I eagerly await a response from the FBI, and I will interpret every day that passes until I get such a response as evidence that the FBI thinks that my plan to get myself arrested for eating lunch while wearing a baseball cap is a good one.

 

 

How to Skirt the ADA to Fire an Employee with a “Psychiatric” Disability

Man in Grouch Marx disguise

Disclaimer: this goofy picture of a man in a Groucho Marx disguise indicates that this post is just a joke. I am not in any way advising any employer to actually implement this sociopathic solution to the problem of psychiatric disability in the workplace. On the contrary, my goal is to mock and ridicule this all-too-commonly used approach. Image found here.

Dear Employer,

Are you tired of that malingerer in your employ? You know, the one with the so-called “psychiatric disability”? Are you tired of the excuses? The moodiness? The drama? The “sick” days? The FMLA “medical” leaves? The short-term “disability” claims? The infantile and depressing can’t-do attitude?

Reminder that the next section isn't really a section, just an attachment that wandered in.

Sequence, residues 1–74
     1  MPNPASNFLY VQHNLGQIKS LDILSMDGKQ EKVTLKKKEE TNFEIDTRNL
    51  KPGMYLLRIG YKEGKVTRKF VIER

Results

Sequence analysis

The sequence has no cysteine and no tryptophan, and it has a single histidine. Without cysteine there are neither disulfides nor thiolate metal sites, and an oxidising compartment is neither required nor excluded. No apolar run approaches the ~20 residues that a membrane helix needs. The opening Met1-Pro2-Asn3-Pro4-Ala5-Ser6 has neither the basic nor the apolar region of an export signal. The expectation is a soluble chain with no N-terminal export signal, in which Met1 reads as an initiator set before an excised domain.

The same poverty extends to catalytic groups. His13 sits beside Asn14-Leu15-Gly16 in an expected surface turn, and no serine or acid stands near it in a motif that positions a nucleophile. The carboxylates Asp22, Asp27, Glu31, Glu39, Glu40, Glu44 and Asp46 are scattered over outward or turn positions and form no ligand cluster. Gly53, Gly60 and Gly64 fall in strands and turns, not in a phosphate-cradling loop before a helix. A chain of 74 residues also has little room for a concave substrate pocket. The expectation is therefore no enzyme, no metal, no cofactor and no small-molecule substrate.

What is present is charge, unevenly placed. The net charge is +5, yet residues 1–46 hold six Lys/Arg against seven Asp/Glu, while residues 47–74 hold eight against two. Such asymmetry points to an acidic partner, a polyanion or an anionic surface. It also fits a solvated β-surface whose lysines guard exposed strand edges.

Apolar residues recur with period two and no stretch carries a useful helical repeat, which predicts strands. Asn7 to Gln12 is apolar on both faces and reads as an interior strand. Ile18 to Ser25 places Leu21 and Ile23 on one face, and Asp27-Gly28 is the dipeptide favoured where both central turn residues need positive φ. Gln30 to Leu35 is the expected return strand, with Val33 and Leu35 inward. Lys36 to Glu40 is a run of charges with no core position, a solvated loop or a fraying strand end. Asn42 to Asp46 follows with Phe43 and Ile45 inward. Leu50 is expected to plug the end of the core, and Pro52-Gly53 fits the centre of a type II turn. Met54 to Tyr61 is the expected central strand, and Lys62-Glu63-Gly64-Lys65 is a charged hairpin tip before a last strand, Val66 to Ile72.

Well, today is your lucky day! Because I am about to tell you how to fire this slacker. Here’s what you do: fire him!

Boom. Yup, it’s that simple. Just sack him. Do it now. You don’t even have to explain why. Stop wasting money on this lazy slob.

What’s that you say? “What about the Equal Employment Opportunity Commission? The brat will go running to his EEOC mommy and tell on me.”

Yup, absolutely — whiners gonna whine, am I right? And here’s how to handle that: you mediate, and you offer the guy a few thousand bucks to drop the charge. EZPZ, lemon squeeze me. Look, if you don’t fire him, you’re just going to give him that money anyway, and in exchange for what? Headaches? Frustration? Whining? At least this way you nail a solid bottom to that leaky bucket. Also, once he’s gone you can replace him with a good worker, somebody who will actually earn his living.